Kincaid was an avid runner in his younger years and even competed in the Boston Marathon in 1970 (778th place), so he possessed significant credibility when he started the College’s cross country program in 1972. Athletic Director Bill Ramseyer asked him in 1974 to also take over the track and field program. He coached either or both of the sports for 13 seasons.

It was during that first track season he picked up the nickname, “Chet.” Bill Cosby played a coach/physical education teacher at an inner-city, Los Angeles high school in NBC’s The Bill Cosby Show, which ran for two seasons starting in 1969-70. Cosby’s character’s name was Chet Kincaid.

“Having a son named Bill, I even started calling myself Chet,” he added, noting he remains Chet to his generation of student-athletes from the 1970s/early ‘80s.

As Kincaid looks back upon a half century at the College, he expressed an appreciation for the quality of his mathematics colleagues, both professionally and personally. “We complemented each other from the start, and that continues to the present day,” he said.

Don Muchmore (Class of 1973) was his “first outstanding student” and today is a colleague in the Math Department.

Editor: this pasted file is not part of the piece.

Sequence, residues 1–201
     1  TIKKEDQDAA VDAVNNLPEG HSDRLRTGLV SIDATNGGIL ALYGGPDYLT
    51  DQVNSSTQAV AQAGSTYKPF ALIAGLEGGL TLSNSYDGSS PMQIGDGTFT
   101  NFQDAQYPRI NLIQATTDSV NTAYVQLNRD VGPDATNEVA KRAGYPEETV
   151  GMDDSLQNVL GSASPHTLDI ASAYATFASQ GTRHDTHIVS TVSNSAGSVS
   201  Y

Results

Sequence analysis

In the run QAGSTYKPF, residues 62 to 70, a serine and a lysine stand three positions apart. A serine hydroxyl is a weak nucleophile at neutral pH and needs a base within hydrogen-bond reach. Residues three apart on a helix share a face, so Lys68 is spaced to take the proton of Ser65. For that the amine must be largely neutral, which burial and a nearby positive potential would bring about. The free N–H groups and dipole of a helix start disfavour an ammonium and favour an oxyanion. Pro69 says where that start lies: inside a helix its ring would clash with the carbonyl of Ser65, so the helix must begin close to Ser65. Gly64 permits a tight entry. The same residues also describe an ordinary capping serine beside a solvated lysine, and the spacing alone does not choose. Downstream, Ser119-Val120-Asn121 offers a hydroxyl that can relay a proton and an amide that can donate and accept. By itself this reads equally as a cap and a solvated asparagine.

Kincaid recalled that, when he started in fall 1969, faculty members whose careers at the College started in the 1920s were still teaching. Also, Twin Ash Hall was a dormitory, Becky Heiland Haines and Elizabeth Brookie Haskins were freshmen and Michael Snarr was in the first grade. Today, the long-ago razed Twin Ash is a mere memory, Haskins retired after decades on the music faculty, Haines has served in the fine arts area since 1973 and Snarr is a professor of political science.

He fondly recalls “Subway Thursdays” when, for many years, he and faculty colleagues Philip Bayless, Proctor Dean, William Guthrie and Fred Raizk met regularly for lunch. Sadly, Kincaid and Dean are the lone survivors.

The notion of his pending retirement “hasn’t sunk in yet” with his final semester in the offing, yet, he has given some thought to life after full-time teaching.